Vikram Pandit knows a thing or two about running a Wall Street titan, from his days at the helm of Citigroup. When he says that almost a third of banking jobs could soon be obsolete it's time to sit up and listen. For a hungry fintech company looking to sell AI and automtion tech to the big banks, the situation is more complicated than it sounds.
First, there's the cultural aspect. When I left university in the early 2000s, finance was the definition of the safe, sensible, well-paid job (I, of course, went the media route instead - the exact opposite). There is a huge workforce of MBAs, accountants and lawyers at these firms, and they are suddenly facing the real prospect of obsolescence, long before they are ready for retirement. That's not an easy environment for a fintech company to sell into.
The other perspective is technological: how does the CIO of one of these large organization transition their company towards new tech without wreaking havoc on the current operation? Many predict that bank workforces will stay the same size as tech opens new opportunities. But with tech moving so fast, how can CIO predict what skills will be needed?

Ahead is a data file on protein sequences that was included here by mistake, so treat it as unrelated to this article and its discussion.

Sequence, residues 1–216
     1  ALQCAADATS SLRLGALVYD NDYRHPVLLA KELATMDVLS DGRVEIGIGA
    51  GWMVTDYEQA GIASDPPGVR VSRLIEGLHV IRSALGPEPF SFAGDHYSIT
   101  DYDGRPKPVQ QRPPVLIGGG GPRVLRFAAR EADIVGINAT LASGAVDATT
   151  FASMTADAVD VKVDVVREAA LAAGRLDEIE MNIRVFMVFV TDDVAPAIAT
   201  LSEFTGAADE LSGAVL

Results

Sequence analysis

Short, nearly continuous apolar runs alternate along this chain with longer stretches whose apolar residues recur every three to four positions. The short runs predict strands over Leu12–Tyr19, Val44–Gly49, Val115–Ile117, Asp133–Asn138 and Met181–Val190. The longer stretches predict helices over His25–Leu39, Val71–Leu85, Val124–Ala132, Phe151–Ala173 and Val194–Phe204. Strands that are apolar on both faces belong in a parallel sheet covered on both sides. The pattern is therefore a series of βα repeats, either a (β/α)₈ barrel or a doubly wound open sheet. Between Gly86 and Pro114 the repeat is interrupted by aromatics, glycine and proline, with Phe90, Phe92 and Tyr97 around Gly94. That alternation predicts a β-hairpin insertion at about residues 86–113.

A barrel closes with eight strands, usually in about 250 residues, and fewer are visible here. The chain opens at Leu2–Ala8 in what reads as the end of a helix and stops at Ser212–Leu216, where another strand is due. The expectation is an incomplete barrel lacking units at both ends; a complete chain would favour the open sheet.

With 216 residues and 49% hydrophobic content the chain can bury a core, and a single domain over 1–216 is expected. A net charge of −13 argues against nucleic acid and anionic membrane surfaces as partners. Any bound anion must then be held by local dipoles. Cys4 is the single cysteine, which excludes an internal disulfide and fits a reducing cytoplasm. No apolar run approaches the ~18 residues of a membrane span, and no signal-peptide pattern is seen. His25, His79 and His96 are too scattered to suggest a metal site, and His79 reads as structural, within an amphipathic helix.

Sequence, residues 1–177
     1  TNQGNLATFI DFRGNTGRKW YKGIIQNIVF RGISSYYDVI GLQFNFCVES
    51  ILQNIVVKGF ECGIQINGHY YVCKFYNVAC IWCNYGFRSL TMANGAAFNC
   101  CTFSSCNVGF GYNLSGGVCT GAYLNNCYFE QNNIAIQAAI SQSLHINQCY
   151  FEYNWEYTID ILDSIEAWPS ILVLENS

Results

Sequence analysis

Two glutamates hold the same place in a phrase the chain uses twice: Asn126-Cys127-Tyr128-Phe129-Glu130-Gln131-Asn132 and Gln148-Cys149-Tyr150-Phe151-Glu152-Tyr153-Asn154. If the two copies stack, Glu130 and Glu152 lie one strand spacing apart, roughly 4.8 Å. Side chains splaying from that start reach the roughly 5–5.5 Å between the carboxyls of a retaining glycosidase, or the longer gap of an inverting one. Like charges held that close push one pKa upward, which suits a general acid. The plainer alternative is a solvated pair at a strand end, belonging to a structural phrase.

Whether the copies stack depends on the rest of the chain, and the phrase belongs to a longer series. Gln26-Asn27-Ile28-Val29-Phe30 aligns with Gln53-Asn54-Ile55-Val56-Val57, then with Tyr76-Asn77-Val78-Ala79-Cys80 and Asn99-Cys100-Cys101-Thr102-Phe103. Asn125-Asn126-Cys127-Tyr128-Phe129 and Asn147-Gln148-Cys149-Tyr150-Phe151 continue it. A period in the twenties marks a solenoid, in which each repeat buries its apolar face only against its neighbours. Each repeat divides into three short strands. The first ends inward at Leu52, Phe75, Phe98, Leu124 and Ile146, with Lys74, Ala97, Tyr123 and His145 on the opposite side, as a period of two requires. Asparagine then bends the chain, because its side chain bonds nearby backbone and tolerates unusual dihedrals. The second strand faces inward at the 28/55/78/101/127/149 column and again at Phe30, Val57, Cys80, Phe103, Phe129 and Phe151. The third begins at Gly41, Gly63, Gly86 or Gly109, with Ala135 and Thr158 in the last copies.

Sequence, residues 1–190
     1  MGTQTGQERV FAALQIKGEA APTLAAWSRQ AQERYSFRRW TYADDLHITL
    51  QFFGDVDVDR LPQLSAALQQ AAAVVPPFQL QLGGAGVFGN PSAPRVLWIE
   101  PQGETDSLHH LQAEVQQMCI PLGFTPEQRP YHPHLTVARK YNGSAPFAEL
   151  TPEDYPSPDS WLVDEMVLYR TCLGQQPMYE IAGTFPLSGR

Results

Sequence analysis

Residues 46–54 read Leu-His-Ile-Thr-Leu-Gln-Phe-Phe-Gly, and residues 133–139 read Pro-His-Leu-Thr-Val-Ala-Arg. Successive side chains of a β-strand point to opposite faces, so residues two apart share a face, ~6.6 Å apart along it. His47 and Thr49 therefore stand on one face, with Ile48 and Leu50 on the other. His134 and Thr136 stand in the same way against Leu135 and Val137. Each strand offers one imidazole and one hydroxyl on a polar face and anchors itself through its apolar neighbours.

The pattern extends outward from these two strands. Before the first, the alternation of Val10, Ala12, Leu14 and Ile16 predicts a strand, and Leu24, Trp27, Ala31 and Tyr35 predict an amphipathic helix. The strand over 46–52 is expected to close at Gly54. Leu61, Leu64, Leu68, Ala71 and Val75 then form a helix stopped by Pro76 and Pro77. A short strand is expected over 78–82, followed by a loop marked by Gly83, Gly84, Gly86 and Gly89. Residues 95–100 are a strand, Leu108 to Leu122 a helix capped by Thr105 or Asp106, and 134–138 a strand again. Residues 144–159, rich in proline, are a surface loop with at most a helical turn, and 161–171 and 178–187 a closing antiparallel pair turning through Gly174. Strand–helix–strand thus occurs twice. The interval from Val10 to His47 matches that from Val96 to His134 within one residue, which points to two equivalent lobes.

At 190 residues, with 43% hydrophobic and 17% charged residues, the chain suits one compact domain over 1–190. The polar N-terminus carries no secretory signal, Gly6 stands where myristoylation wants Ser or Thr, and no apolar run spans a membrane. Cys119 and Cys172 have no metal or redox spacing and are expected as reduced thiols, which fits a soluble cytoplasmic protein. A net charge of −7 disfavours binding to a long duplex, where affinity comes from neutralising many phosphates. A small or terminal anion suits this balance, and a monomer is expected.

Billions of dollars ride on these questions. For any aspiring fintech company looking to sell to Wall Street - and there are many - this skills perspective is vital to riding this technology wave.
Vikram Pandit, who ran Citigroup Inc. during the financial crisis, said developments in technology could see some 30 percent of banking jobs disappearing in the next five years. Artificial intelligence and robotics reduce the need for staff in roles such as back-office functions, Pandit, 60, said Wednesday in an interview with Bloomberg Television’s Haslinda Amin in Singapore. He’s now chief executive officer of Orogen Group, an investment firm that he co-founded last year. “Everything that happens with artificial intelligence, robotics and natural language -- all of that is going to make processes easier,” said Pandit, who was Citigroup’s chief executive officer from 2007 to 2012. “It’s going to change the back office.”